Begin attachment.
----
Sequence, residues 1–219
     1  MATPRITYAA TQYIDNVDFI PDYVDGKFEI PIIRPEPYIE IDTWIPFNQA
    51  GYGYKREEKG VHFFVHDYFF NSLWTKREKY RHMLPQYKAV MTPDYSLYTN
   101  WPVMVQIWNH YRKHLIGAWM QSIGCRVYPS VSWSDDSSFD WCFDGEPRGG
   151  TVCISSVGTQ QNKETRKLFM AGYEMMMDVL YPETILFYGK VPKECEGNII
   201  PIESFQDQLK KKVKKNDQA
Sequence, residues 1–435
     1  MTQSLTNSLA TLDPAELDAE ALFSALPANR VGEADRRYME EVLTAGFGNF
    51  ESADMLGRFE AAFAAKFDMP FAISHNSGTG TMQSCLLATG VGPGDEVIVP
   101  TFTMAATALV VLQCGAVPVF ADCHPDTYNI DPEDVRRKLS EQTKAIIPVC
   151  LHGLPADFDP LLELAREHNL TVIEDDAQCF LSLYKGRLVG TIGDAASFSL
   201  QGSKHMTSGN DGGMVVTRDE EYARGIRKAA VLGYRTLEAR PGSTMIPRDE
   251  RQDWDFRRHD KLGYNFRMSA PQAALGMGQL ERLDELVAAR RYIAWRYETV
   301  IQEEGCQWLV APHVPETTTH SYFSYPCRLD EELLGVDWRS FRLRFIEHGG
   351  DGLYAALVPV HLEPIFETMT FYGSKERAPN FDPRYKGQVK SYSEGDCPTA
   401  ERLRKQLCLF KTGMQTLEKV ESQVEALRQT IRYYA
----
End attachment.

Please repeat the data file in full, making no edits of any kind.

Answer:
Sequence, residues 1–219
     1  MATPRITYAA TQYIDNVDFI PDYVDGKFEI PIIRPEPYIE IDTWIPFNQA
    51  GYGYKREEKG VHFFVHDYFF NSLWTKREKY RHMLPQYKAV MTPDYSLYTN
   101  WPVMVQIWNH YRKHLIGAWM QSIGCRVYPS VSWSDDSSFD WCFDGEPRGG
   151  TVCISSVGTQ QNKETRKLFM AGYEMMMDVL YPETILFYGK VPKECEGNII
   201  PIESFQDQLK KKVKKNDQA
Sequence, residues 1–435
     1  MTQSLTNSLA TLDPAELDAE ALFSALPANR VGEADRRYME EVLTAGFGNF
    51  ESADMLGRFE AAFAAKFDMP FAISHNSGTG TMQSCLLATG VGPGDEVIVP
   101  TFTMAATALV VLQCGAVPVF ADCHPDTYNI DPEDVRRKLS EQTKAIIPVC
   151  LHGLPADFDP LLELAREHNL TVIEDDAQCF LSLYKGRLVG TIGDAASFSL
   201  QGSKHMTSGN DGGMVVTRDE EYARGIRKAA VLGYRTLEAR PGSTMIPRDE
   251  RQDWDFRRHD KLGYNFRMSA PQAALGMGQL ERLDELVAAR RYIAWRYETV
   301  IQEEGCQWLV APHVPETTTH SYFSYPCRLD EELLGVDWRS FRLRFIEHGG
   351  DGLYAALVPV HLEPIFETMT FYGSKERAPN FDPRYKGQVK SYSEGDCPTA
   401  ERLRKQLCLF KTGMQTLEKV ESQVEALRQT IRYYA